I was “privileged” to spend a whole day with one of the many employer groups we have in Britain. This meeting brought together Directors (especially FDs and Heads of HR) of Research and Technology organisations. When I say privileged – I mean it!
This was a paternalistic group with a history of making high quality DB provision, and there had clearly been benchmarking of contribution rates so that most employees working for an RTO in the UK can expect a total DC contribution well above the national average. Partly this is the fall-out from DB Schemes – where employers negotiated with staff a Defined Contribution Rate designed to be financially equivalent (to company cash flow) to what had gone before.
Good governance of the DC scheme was seen, by many in the room, as clearly a matter over which the employer should take an interest, contrasting the position with the amount of governance effort expended on the now closed DB Scheme.
Do employers have a fiduciary duty of care to staff?
The session looked at this big question from seven different angles.
- Does an employer have a duty of care to ensure the DC scheme is suitable for its staff?
- How much should an employer be contributing – what is the benchmark?
- What obligations are there on an employer to provide workplace pension governance?
- What feedback is the panel getting from members of their workplace pension
- Is auto-enrolment working? Are there snags?
- Does the panel feel confident their staff are getting value for money?
- What are Independent Governance Committees and are they any help?
One driver for wanting to do the right thing for the DC contributors was awkwardness engendered by there being “haves” and “have nots”.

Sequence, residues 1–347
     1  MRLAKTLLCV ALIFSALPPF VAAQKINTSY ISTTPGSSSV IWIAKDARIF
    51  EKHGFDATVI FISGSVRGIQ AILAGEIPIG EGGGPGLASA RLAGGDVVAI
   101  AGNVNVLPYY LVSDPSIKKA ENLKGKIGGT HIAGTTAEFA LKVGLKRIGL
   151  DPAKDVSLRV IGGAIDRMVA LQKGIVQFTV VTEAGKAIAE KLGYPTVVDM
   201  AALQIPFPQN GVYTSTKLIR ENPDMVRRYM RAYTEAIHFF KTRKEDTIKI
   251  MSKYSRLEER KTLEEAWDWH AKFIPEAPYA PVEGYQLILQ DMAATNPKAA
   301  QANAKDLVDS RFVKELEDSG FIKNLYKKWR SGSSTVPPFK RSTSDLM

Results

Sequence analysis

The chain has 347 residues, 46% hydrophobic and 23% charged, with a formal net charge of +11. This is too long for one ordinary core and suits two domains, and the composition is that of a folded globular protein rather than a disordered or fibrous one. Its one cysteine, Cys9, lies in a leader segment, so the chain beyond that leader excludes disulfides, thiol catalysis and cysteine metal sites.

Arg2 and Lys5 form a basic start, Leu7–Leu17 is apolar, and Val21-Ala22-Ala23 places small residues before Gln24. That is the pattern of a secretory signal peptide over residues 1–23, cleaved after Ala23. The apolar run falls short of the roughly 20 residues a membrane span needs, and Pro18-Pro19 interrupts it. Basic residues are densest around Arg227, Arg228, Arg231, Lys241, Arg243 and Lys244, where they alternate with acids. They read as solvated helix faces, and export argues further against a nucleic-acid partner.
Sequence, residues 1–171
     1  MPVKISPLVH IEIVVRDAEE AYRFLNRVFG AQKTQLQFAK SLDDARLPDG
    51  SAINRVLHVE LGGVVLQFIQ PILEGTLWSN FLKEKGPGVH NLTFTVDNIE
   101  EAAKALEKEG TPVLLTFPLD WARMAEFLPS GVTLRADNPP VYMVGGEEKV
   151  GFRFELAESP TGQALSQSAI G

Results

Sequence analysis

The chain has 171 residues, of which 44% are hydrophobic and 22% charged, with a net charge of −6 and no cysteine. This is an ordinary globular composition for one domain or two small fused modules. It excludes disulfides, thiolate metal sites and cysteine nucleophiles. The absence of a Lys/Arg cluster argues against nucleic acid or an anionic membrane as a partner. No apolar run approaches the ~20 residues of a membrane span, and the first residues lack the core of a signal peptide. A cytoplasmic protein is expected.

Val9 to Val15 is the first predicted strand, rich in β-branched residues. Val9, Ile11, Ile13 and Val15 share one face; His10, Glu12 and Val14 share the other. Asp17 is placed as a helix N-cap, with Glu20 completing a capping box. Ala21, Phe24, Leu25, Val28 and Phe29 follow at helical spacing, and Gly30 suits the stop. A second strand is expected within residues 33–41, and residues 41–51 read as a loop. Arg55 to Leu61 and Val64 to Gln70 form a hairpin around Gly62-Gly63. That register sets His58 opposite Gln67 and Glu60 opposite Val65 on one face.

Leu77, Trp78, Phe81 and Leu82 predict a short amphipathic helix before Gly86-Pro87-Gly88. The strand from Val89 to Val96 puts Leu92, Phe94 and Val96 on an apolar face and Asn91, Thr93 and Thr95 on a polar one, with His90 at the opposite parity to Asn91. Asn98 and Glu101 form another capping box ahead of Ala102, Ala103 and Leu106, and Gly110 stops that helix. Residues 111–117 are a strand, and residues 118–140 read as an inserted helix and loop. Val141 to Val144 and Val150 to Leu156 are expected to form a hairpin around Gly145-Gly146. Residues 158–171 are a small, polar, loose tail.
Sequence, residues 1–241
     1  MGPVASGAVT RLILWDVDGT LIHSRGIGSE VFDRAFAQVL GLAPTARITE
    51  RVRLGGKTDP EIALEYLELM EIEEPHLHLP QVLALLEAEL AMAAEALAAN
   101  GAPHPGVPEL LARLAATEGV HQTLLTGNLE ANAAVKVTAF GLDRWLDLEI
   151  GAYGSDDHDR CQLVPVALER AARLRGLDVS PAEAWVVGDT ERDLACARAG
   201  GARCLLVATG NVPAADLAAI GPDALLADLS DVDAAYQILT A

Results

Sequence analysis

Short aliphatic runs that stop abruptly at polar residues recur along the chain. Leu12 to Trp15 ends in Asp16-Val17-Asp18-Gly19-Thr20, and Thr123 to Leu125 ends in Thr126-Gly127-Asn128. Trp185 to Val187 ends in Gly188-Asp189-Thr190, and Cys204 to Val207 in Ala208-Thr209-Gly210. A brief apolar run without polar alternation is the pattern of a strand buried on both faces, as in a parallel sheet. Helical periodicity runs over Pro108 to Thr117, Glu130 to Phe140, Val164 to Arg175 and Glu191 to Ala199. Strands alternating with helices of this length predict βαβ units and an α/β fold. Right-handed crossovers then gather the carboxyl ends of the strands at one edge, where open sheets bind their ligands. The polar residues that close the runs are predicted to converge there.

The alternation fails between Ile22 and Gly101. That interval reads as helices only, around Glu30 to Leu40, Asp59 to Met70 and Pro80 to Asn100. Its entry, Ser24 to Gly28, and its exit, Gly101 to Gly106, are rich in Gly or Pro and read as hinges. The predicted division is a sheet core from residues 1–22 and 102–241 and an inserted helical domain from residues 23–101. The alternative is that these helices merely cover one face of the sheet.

Another driver was peer pressure, there had clearly been benchmarking of contribution rates so that most employees working for an RTO in the UK can expect a total DC contribution in excess of 10%. (well above the national average). Part of this is the fall-out from DB – where employers negotiated with staff a Defined Contribution Rate designed to be financially equivalent (to company cash flow) to what had gone before.
Good governance of the DC scheme was seen, by many in the room, as one way of both assuaging guilt and managing the manifest inequality between those accruing DB benefits and those getting a DC scheme.
Concern about employer specific investment defaults
But when we turned to what could be done to make outcomes better, the room was split. The conventional view – derived from consultants- was that the employer could improve on the default designed by the pension provider. One employer had gone so far as to poll staff about their intentions when they retired (e.g. annuity v drawdown v cash). But, the results had been inconclusive. As the IGCs are finding out, ask people who don’t know , what they want to do, and you get no further.